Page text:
Extra fiscal headroom resulting from higher inflation will not provide any space for tax cuts, according to a report by the Resolution Foundation. The report, released today, comes ahead of British Finance Minister Jeremy Hunt’s Autumn Statement on November 22. Hunt has faced pressure from members of his Conservative party to reduce taxes before the expected national election next year. However, the government has cited the aim of halving inflation and rising debt servicing costs as reasons for not being able to implement tax cuts.
The Resolution Foundation’s analysis indicates that higher tax receipts and lower borrowing, both due to sticky inflation, would increase Britain’s fiscal headroom by £13 billion ($16.09 billion). However, the report argues that this increase is based on “implausible” public spending plans. James Smith, research director at the Resolution Foundation, stated that this illusion of extra fiscal flexibility is founded on the idea that higher inflation will boost tax revenues without causing an increase in spending on public services.
The Bank of England predicts that Britain’s high inflation will only return to its 2% target by the end of 2025, approximately six months later than previously forecasted. This elevated inflation is already impacting public spending. The Resolution Foundation highlights that recently agreed public sector pay settlements would absorb the fiscal headroom, but government plans have not been adjusted to reflect this. The think tank also warns that public spending will need to increase beyond current projections in order to safeguard the budgets of certain ministries in real terms over the coming years.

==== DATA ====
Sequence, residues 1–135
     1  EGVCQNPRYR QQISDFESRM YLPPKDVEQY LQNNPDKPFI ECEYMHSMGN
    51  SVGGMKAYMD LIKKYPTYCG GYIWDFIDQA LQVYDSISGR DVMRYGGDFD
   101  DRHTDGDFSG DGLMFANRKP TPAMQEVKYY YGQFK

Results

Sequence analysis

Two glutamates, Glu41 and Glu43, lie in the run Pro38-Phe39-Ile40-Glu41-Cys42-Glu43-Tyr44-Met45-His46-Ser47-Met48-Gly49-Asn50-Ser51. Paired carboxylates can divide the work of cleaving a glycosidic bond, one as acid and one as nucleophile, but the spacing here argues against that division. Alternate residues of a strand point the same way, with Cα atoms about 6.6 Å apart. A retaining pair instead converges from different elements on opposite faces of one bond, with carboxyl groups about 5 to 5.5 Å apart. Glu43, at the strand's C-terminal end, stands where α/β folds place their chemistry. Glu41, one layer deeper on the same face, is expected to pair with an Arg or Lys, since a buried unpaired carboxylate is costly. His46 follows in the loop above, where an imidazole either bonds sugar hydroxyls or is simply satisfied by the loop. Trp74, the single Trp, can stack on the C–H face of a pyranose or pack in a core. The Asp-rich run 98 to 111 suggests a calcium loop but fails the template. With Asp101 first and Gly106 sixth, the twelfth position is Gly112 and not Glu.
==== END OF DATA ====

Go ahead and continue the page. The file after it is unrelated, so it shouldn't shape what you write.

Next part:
James Smith emphasized that it is becoming increasingly evident that the spending plans outlined for after the next election will not be achievable. These findings call into question the feasibility of implementing significant tax cuts, as some members of the Conservative party have been advocating for. With the Autumn Statement just a few weeks away, all eyes will be on Finance Minister Jeremy Hunt as he presents the government’s fiscal update.
More detail via Malay Mail here… ( Image via Malay Mail )